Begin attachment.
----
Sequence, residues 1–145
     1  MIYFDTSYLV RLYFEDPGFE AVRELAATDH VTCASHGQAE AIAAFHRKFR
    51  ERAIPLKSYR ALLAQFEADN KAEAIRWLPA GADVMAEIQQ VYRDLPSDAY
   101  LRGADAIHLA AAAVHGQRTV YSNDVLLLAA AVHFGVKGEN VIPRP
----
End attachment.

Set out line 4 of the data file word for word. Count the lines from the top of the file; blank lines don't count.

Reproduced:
   101  LRGADAIHLA AAAVHGQRTV YSNDVLLLAA AVHFGVKGEN VIPRP